Just because you love trees and believe in their value doesn't mean you'll never have to make the decision to cut one down. There are plenty of valid reasons for taking down a tree in your yard, but even when you know it's the safest, smartest decision it can still make you feel awful. It can be difficult for avowed tree lovers to see a beloved tree removed and to look at the empty space where it once stood, but fortunately there are a few things you can do to feel better and to demonstrate your love for trees.
1. Plant another.
If you have to cut it down because of its locations or if it's potentially dangerous, simply plant another one. The good news is that if you're removing it because it's too close to power lines or breaking up the sidewalk, you now have the advantage of planning a better location for the new tree. If it's old, storm damaged or has a disease, planting a younger, healthier tree or disease-resistant species can give you more years to enjoy the new tree. While it will take some time to grow, you can feel better knowing that proper planning will probably help the tree live longer.
2. Buy a tree for someone else.
If a neighbor, friend or relative admires your new tree and laments the loss of your old one, why not buy one just like it for them? Not only is it a nice gesture, but you'll feel better for having "planted" another tree and making your neighborhood greener.
3. Join your local tree board or nature committee.
Many municipalities and neighborhoods solicit volunteer members for their tree management boards. These residents take charge of the trees in public places, educate the public and plan future tree planting and maintenance. You'll be an advocate for trees and for proper tree management to make sure there are always plenty of trees around.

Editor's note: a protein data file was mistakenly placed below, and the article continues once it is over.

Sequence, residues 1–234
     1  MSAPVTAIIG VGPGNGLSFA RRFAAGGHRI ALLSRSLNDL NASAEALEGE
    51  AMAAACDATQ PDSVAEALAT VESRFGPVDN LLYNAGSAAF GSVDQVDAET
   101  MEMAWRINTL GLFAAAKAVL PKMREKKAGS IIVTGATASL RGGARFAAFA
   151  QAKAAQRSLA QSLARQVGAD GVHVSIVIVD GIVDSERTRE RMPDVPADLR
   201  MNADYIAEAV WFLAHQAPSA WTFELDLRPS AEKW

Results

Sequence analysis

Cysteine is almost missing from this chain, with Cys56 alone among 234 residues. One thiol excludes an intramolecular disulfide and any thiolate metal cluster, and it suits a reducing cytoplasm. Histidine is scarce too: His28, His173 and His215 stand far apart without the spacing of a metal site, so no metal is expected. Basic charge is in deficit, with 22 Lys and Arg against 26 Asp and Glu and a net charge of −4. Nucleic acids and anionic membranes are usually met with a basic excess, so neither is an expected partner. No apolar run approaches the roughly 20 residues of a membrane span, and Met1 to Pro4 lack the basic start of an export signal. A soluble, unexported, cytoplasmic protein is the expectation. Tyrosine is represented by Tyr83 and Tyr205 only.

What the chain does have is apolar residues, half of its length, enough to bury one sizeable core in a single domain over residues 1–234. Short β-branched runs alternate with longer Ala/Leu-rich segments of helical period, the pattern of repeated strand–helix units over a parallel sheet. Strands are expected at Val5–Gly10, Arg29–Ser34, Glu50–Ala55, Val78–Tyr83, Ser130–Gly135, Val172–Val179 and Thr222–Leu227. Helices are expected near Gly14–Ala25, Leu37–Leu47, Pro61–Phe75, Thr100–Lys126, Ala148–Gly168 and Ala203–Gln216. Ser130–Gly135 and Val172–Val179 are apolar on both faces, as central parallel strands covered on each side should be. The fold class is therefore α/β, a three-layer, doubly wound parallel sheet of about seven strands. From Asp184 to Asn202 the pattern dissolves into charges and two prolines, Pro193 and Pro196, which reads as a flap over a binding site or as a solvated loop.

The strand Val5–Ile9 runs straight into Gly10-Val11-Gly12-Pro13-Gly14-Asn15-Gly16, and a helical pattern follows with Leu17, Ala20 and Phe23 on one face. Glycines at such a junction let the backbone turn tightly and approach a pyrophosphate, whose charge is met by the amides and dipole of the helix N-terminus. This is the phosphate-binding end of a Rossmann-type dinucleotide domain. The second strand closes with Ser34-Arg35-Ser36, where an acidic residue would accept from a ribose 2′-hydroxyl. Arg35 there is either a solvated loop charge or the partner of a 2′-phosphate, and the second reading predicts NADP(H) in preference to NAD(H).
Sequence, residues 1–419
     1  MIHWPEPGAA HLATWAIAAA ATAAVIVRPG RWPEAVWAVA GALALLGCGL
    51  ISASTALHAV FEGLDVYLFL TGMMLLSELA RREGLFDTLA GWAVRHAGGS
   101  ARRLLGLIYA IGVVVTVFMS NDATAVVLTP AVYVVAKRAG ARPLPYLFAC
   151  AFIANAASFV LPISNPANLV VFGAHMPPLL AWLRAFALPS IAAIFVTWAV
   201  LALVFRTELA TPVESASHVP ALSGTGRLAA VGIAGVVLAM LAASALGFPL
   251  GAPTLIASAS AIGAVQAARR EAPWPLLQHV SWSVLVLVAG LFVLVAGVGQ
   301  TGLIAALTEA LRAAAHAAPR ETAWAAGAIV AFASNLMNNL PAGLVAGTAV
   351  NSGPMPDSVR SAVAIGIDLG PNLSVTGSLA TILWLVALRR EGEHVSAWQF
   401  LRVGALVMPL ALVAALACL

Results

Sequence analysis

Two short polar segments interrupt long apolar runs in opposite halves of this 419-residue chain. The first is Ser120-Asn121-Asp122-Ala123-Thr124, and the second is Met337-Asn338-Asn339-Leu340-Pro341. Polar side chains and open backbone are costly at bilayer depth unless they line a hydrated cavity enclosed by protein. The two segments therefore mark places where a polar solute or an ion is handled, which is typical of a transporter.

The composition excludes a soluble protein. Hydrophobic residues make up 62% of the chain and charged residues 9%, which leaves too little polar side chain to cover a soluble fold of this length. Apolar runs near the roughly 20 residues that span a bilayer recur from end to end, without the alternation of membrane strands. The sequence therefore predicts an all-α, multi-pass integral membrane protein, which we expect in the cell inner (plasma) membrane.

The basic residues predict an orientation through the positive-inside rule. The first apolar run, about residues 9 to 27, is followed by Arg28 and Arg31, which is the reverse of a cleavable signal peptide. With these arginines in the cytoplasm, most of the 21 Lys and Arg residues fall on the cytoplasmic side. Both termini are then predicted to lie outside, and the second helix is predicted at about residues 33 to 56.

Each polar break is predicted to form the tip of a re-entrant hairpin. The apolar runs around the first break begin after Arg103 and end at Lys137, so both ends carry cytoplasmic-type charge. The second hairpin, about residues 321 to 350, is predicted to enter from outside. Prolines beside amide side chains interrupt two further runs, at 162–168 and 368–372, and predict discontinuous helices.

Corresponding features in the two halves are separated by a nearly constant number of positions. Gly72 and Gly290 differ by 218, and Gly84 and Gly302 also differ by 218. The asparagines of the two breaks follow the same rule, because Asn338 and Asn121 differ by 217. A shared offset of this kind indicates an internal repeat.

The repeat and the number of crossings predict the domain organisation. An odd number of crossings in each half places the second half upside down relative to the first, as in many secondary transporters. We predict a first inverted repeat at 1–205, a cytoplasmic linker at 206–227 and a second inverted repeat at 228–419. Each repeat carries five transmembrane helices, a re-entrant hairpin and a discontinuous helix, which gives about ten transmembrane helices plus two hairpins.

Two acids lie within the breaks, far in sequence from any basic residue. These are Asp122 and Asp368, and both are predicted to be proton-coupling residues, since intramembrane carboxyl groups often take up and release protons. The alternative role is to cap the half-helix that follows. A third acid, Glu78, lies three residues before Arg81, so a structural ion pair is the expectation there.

4. Donate to an organization that plants trees.
Charitable organizations that plant, give away or care for trees rely on contributions to continue their missions. Your donation can help provide trees for neighborhoods or communities that desperately need them. It can also help educate people about the benefits of trees, conserve rare species or protect forested lands from development.
Whether your tree has to come down because it was damaged in a storm, is the victim of a blight or is simply growing in the wrong spot, it can be hard to cope with its absence. However, tree removal can sometimes be a catalyst for good by making people aware of the need to choose the right species and locations. Ask your tree service about the hardiest trees for your area and the best spots to plant them. If you can't plant a replacement, you can promote tree planting by getting involved with your community's tree commission or with tree-related charities to help you feel better after losing a tree. If you want more information, contact a company like Turgeon Tree Removal.